Nand Kishore Prasad Vs. Dr. Mohib Hamidi Others
[Civil Appeal No. 4619 of 2019 @ SLP (C) No. 34834 of 2015]
Hemant Gupta, J.
1. The challenge in the present appeal is to an order passed by the National Consumer Disputes Redressal Commission1 on 02.11.2015 whereby the original Opposite Party No. 3 (Respondent No. 1 herein) was absolved of the damages of Rs. 2,00,000/- imposed by State Consumer Disputes Redressal Commission2 vide order dated 12.11.2014.
2. Sanjay Kumar aged about 15 years, son of the Appellant complained of abdominal pain, fever and haemorrhage in both eyes. Initially, the Appellant had taken his son to a physician Dr. Arun Tiwari on 08.11.1995 who advised some tests and medicines. He was advised to consult with the specialist as well. After 1 NCDRC 2 SCDRC 1 examining the blood report, Dr. Arun Tiwari referred the patient to the Kurji Holy Family Hospital-original Opposite Party No. 1 on 10.11.1995. He was taken to the Hospital at about 8.00 PM. The recorded history of the patient is as under: “A 15 years old male patient is admitted in 3A-7 with the complaints of fever, pain abdomen and hemorrhage from both eyes since 5 days.”
3. The patient was operated upon on 11.11.1995 when the platelets count was 35000 per cubic millimeter (cu.mm) at about 11.15 AM. Before the surgery, the patient was transfused with two units of blood and after the surgery another two units of blood were transfused. Since the patient was bleeding and in spite of packing of leakages, the relatives of the patient took discharge from the Kurji Holy Family Hospital at about 2.00 PM on 13.11.1995. On the same date, the patient was admitted to Patna Medical College and Hospital (PMCH) where the patient died on 16.11.1995.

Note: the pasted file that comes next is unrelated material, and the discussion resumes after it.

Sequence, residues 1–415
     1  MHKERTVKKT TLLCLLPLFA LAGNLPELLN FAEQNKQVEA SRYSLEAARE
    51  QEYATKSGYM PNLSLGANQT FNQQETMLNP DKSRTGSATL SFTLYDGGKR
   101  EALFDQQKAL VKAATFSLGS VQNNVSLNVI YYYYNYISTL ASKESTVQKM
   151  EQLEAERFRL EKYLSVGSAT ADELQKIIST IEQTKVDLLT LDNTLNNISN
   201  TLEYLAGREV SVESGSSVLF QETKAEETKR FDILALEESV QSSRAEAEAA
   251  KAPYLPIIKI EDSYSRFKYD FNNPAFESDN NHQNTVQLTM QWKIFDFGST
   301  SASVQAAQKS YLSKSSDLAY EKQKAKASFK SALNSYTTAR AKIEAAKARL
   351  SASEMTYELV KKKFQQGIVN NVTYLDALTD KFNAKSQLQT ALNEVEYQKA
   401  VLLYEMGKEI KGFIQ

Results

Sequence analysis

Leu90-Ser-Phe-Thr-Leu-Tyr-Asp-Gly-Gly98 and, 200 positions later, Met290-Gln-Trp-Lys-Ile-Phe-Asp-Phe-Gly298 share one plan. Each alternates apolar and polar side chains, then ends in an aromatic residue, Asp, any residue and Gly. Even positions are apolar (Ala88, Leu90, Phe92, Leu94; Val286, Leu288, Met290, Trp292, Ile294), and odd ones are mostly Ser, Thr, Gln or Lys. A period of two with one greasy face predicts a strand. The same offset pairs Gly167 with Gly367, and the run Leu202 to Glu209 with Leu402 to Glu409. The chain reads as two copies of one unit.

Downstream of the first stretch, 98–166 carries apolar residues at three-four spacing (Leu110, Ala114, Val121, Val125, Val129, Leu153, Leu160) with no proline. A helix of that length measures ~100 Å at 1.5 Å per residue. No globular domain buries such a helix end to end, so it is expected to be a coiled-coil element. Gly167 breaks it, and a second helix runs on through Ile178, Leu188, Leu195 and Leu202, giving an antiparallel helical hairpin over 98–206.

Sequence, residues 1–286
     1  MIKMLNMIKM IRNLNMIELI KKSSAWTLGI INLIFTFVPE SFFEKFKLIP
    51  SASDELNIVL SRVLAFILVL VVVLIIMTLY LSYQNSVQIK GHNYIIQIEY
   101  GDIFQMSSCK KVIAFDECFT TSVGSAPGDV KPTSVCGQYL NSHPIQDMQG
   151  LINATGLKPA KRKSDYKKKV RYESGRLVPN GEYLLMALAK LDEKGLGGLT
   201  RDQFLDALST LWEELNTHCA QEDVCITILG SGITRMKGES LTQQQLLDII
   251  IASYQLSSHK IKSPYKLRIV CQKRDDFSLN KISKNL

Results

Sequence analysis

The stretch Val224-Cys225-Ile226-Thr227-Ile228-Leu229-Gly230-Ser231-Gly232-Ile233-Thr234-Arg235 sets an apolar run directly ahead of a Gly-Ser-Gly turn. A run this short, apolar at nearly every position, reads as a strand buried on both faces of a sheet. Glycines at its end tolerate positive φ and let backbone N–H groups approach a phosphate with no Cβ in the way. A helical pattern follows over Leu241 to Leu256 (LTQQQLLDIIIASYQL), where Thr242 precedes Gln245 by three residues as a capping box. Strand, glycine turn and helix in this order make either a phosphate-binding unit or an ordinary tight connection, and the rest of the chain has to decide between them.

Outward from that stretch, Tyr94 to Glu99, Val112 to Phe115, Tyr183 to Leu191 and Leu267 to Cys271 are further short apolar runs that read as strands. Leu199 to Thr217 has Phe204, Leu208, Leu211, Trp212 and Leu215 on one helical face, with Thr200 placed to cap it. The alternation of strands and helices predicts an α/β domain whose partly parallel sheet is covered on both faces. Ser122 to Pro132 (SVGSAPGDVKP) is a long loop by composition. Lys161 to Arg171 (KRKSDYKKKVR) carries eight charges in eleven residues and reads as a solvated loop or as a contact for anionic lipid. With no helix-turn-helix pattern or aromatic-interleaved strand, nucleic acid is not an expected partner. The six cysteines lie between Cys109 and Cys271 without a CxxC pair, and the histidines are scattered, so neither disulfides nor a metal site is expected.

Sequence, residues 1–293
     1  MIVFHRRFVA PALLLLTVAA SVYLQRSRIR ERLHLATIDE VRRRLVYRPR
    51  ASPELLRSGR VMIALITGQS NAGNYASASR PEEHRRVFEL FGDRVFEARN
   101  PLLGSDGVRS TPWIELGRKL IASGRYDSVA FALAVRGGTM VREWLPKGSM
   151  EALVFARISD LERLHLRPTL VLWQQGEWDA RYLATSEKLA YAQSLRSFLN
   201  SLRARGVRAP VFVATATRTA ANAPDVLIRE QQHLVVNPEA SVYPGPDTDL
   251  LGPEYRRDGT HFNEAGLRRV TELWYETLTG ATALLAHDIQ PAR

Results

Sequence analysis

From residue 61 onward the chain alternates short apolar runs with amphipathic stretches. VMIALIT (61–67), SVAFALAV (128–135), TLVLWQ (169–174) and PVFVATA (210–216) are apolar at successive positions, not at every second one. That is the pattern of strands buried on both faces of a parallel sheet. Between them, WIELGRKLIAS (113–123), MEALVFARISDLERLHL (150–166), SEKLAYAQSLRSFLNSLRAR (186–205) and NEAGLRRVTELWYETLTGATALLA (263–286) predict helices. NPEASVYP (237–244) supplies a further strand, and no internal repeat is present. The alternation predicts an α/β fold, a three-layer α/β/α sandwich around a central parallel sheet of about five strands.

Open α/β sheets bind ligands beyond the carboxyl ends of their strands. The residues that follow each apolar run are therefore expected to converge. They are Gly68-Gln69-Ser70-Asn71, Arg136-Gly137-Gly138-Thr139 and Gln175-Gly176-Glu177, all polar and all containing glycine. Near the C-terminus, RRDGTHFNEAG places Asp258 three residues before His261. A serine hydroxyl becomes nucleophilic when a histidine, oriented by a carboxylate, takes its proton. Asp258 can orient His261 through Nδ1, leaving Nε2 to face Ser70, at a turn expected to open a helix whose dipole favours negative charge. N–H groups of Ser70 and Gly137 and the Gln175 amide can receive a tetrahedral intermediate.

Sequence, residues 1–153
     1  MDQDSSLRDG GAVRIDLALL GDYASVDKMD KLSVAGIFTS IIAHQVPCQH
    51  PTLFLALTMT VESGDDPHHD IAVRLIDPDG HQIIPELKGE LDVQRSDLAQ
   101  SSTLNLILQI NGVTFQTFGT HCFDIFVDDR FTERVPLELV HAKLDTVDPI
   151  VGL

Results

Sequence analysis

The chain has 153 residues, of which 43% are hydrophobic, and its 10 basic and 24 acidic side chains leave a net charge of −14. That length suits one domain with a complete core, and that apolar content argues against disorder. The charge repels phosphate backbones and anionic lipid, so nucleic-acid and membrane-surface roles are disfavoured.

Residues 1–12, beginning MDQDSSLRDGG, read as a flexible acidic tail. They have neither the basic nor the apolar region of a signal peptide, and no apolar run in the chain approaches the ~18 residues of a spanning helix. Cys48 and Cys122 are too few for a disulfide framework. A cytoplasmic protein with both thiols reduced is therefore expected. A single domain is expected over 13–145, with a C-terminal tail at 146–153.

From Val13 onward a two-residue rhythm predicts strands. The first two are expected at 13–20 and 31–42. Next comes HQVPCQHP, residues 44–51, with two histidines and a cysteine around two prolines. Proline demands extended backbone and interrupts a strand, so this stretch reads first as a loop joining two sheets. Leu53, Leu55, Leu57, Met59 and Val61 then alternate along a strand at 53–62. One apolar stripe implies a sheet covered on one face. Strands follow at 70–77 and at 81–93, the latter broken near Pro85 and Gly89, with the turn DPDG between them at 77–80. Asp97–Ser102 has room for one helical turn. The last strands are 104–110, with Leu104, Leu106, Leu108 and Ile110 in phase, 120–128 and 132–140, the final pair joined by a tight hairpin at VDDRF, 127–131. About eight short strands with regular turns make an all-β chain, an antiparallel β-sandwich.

4. In consumer complaint under the Consumer Protection Act, 19863, the Appellant produced an affidavit of Dr. Hare Ram Singh, then posted in Jharkhand State Assembly at Russian Hostel, Dhurwa, P.S. Jaganathpur, District Ranchi. Dr. Hare Ram Singh opined that Bleeding Time (BT) was 3′ 00″ against normal value of 2-4 seconds and Clotting Time (CT) was 5′ 00″ against normal value of 3-6 seconds. The affidavit further states that there was a second test which shows that the platelets decreased excessively and there were very few plasma cells present. There was another test conducted before surgery, showing platelets count as 35000 per cu. mm. Dr. Hare Ram Singh was of the opinion that to operate the patient with excessive low platelets count was the greatest blunder and clear case of extreme negligence of doctors. 3 1986 Act 2
5. The surgery was performed on 11.11.1995 at about 11.15 AM. The postoperative note of the operating team reads as under: “Name(s) of Operation(s) : Exp.Lap. Extraction of R.W. Operative Findings: Numerous R.W. in the small gut with yellowish collection of fluid in the peritoneal cavity. Procedure: The abdomen was opened by midline incision above and below the umbilicus. The peritoneal cavity was found to contain yellowish fluid a small amount of which was collected and sent for c/s biomedical examination. The small gut was found to contain many round worms. They were collected at one place and extracted out by making a nick in the gut. The wound was closed in layers. A rubber corrugated drain was placed in the peritoneal cavity. The abdomen was closed in one layer by vieryl. skin was left open.”